Retailers Cautious As They Hire Holiday Temps A new report says stores are expected to add up to 600,000 employees in October, November and December. That's up from last year's 500,000 workers, but still weak compared with pre-recession days. In 2006, retailers employed about 750,000 holiday workers.
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Retailers Cautious As They Hire Holiday Temps

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Retailers Cautious As They Hire Holiday Temps

Retailers Cautious As They Hire Holiday Temps

Retailers Cautious As They Hire Holiday Temps

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  • <iframe src="https://www.npr.org/player/embed/129945985/129970004" width="100%" height="290" frameborder="0" scrolling="no" title="NPR embedded audio player">
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As autumn begins this week, many retailers are launching their searches for temporary workers to help with the holiday shopping season.

Stores are expected to add up to 600,000 employees in October, November and December, according to a new report by Challenger, Gray and Christmas Inc., a Chicago firm that tracks employment trends.

Last year, stores added about a half-million seasonal workers. That was up by nearly a third from the disastrous autumn of 2008, but still weak compared with pre-recession days. In 2006, retailers employed about 750,000 holiday workers.

"It seems we're in a better place now than we were a year ago at this time," CEO John Challenger said. "But retailers are still very cautious. The recession is not too far behind them."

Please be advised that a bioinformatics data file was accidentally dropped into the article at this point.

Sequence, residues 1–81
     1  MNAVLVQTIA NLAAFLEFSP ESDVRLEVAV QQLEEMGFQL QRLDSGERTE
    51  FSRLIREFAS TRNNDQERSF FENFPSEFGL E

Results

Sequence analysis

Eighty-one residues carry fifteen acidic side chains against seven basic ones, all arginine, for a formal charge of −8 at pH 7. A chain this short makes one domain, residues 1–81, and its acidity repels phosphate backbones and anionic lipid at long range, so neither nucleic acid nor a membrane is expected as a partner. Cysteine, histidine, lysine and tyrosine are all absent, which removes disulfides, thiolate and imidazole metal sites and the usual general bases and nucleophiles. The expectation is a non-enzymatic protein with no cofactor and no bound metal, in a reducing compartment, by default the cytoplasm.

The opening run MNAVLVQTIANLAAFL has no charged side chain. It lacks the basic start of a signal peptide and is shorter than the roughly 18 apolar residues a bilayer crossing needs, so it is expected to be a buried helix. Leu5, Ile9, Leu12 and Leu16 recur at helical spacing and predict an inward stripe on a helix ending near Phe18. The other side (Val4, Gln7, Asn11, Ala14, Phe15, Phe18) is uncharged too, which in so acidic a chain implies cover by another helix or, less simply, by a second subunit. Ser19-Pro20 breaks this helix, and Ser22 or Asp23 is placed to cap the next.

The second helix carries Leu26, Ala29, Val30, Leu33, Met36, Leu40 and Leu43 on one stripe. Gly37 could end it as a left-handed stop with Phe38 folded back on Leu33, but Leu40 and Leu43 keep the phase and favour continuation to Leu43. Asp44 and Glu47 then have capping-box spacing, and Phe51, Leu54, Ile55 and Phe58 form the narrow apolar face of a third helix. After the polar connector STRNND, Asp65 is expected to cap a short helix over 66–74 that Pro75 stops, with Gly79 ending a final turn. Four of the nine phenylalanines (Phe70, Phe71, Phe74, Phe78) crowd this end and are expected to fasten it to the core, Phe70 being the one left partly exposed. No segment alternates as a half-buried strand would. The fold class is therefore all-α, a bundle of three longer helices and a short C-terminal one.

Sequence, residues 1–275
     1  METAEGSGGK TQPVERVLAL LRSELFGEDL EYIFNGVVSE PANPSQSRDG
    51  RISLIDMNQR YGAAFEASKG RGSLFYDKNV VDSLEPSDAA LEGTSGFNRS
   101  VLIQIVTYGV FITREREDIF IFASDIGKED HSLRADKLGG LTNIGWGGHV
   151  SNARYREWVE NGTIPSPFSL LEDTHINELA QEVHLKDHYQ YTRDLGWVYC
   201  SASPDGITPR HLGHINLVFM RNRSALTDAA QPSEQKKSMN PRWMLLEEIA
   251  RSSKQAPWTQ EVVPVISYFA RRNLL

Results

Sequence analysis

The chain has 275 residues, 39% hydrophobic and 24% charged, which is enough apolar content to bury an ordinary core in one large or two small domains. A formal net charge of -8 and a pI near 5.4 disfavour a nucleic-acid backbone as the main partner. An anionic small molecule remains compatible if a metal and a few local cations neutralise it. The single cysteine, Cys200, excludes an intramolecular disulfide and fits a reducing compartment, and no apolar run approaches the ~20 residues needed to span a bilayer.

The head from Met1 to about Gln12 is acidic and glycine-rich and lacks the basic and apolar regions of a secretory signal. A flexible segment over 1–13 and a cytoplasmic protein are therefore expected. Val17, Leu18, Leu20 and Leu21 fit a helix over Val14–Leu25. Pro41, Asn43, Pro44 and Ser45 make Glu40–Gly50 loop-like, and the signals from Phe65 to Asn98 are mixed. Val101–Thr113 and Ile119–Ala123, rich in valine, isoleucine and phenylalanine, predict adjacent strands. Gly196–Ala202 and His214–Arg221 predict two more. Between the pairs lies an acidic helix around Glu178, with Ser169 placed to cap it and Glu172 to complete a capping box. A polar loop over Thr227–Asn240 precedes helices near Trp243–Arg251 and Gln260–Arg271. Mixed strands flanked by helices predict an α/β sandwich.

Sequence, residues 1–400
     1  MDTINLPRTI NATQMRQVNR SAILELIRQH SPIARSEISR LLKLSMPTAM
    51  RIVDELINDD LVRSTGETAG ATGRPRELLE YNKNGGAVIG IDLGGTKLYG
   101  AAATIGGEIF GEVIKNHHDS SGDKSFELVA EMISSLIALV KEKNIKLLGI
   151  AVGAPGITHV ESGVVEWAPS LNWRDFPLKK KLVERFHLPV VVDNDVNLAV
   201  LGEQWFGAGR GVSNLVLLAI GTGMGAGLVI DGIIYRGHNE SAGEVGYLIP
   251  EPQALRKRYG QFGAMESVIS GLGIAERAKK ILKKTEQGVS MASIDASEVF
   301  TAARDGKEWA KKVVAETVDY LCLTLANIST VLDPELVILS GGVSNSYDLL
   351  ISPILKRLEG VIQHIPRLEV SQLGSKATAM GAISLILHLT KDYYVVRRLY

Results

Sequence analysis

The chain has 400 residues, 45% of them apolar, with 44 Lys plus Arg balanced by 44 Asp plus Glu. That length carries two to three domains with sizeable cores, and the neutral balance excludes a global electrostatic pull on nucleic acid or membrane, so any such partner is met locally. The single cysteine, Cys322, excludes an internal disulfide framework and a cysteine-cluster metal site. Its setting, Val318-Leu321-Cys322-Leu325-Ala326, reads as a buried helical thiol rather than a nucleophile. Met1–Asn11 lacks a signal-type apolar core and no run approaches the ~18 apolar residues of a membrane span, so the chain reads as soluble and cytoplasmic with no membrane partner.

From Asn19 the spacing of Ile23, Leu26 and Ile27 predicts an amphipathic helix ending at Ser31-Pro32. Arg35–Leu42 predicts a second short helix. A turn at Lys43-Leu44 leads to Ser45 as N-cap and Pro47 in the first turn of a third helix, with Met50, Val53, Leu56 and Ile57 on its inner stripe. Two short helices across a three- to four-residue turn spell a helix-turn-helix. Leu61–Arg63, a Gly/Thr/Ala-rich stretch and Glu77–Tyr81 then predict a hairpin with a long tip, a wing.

Some Optimism

Store managers do see some reason for optimism: U.S. retail sales rose 0.3 percent in July and 0.4 percent in August. That suggests some momentum heading into the fall. Recent data show an uptick in shopping for clothes, and retailers have high hopes for sales of hand-held gadgets, such as smart phones and electronic readers.

Last week, Toys "R" Us underscored its optimism for the upcoming shopping season by announcing plans for about 600 temporary stores around the country. The company said it would begin hiring about 10,000 workers for the holidays.

Reasons To Worry

Still, there are plenty of reasons for worry. Nearly 15 million people are still out of work, and household net worth shrunk about $100 billion in the first half of 2010, according to a new analysis by IHS Global Insight, a forecasting firm.

"With employment recovering very gradually and housing prices remaining low, household wealth will make a very slow recovery," IHS economist Gregory Daco said in a written analysis. That will leave "consumers with few, if any, reasons to dramatically increase their spending," he said.